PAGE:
Born on February 22, 1934, in Bridgewater, South Dakota, but raised in California, George Lee “Sparky” Anderson was a longtime baseball manager who spent 17 years with the Detroit Tigers. Anderson played for several years in the minor leagues and played one major league season for the Philadelphia Phillies in 1959. His .218 batting average, 104 hits, 34 runs batted in, and 0 home runs made him an average infielder, and this ended his career prematurely. He turned his attention to managing, where he leveraged his leadership abilities and knowledge of the game into great success.
After coaching in the minor leagues for five years, Anderson joined the staff of the San Diego Padres in 1969. In 1970, he was hired as the manager of the Cincinnati Reds and went on to win 102 games in his rookie year, only to lose in the World Series. After winning back-to-back World Series with the Reds in 1975 and 1976, Anderson was fired by the team after two straight second place finishes.
In an unusual mid-season move, he was hired as the new manager of the Detroit Tigers on June 12, 1979, the Tigers hire Sparky Anderson to be their manager.
With the arrival of Anderson, the ailing Tigers’ fortunes began to change. In 1984, the team captured the hearts of baseball fans throughout the region as they opened the season with a record 35-5 start, going on to win the World Series against the San Diego Padres in five games. Anderson was regarded just as highly as the players in this victory. The team would follow up that success by becoming American League East champions in 1987. Anderson retired from the Tigers and Major League Baseball in 1995 with 2,194 wins and a .545 winning percentage.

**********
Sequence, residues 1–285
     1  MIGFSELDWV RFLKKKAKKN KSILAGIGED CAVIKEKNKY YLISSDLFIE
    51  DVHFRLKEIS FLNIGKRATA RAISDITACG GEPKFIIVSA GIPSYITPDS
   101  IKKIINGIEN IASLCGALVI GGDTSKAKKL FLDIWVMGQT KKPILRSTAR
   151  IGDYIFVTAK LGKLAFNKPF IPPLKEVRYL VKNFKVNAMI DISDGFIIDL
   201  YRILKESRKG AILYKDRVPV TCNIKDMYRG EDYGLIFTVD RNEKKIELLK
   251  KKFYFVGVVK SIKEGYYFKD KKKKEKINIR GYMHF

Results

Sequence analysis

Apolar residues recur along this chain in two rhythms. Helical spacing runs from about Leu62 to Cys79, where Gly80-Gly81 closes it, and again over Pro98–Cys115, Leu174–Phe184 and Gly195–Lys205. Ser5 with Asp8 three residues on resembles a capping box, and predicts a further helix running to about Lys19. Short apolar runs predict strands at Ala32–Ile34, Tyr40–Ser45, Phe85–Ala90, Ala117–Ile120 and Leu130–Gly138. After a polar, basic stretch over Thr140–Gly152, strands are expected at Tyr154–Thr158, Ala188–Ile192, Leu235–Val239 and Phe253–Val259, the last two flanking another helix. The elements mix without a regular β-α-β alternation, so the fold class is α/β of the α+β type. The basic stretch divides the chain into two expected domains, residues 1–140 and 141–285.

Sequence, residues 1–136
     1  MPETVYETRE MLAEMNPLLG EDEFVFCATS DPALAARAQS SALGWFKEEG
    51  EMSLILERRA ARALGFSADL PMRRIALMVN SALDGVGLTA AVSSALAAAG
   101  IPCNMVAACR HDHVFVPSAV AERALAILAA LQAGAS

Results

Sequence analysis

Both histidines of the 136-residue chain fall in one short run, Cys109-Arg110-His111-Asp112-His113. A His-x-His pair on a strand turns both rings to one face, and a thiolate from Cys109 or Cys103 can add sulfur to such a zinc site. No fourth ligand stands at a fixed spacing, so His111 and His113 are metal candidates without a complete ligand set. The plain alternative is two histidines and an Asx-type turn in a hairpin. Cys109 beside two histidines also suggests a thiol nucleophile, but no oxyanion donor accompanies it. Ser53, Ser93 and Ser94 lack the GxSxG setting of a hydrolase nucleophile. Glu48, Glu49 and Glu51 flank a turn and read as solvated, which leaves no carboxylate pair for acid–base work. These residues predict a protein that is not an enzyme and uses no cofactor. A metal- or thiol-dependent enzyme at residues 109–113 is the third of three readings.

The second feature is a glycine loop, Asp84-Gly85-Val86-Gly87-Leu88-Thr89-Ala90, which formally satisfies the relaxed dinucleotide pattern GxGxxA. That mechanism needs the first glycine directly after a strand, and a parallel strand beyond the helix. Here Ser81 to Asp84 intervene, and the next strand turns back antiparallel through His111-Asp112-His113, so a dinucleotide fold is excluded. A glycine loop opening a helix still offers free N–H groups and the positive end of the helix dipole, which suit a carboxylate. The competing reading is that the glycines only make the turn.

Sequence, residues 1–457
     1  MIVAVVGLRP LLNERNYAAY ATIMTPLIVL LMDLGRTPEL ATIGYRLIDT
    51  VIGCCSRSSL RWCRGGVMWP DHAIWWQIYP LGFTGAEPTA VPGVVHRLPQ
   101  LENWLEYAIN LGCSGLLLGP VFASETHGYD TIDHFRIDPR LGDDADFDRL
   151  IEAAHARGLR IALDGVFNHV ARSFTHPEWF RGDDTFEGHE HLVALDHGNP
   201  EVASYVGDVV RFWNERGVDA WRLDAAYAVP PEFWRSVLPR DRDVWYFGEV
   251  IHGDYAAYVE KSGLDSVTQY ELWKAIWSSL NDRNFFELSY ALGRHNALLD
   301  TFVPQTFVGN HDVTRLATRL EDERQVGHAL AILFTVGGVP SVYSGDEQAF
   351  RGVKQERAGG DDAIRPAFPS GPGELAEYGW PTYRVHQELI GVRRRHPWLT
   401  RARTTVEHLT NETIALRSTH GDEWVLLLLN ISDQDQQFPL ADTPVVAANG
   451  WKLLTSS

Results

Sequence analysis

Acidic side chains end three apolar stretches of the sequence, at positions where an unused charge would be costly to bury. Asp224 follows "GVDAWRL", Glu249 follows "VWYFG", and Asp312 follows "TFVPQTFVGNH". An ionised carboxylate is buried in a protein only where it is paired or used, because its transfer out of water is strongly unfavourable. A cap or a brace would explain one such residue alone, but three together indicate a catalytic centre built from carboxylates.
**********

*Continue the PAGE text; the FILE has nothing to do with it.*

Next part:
Anderson was a great mentor and teacher, inspiring his players to perform at their peak levels on every play. During his career in Detroit, he managed numerous outstanding players including Jack Morris, Kirk Gibson, Guillermo Hernandez, Lance Parrish, Darrell Evans, Lou Whitaker, Alan Trammell, Chet Lemon and Cecil Fielder.
Anderson’s quick wit and passion for the game earned him the admiration of the Detroit media, and during his time in Detroit he co-hosted his own local sports show. Anderson’s passion also extended into the broader community, with his founding of CATCH, a charity whose work benefits children at Henry Ford Hospital and Children’s Hospital of Michigan.
Sparky Anderson died on November 4, 2010 at the age of 76. He was inducted into the Baseball Hall of Fame in 2000 and the Michigan Sports Hall of Fame in 1992. He was honored by the Detroit Tigers throughout the 2011 season with a patch on the players jerseys, a flag with his famous nickname flying over the park, and his number 11 commemorated on an outfield wall in Comerica Park.
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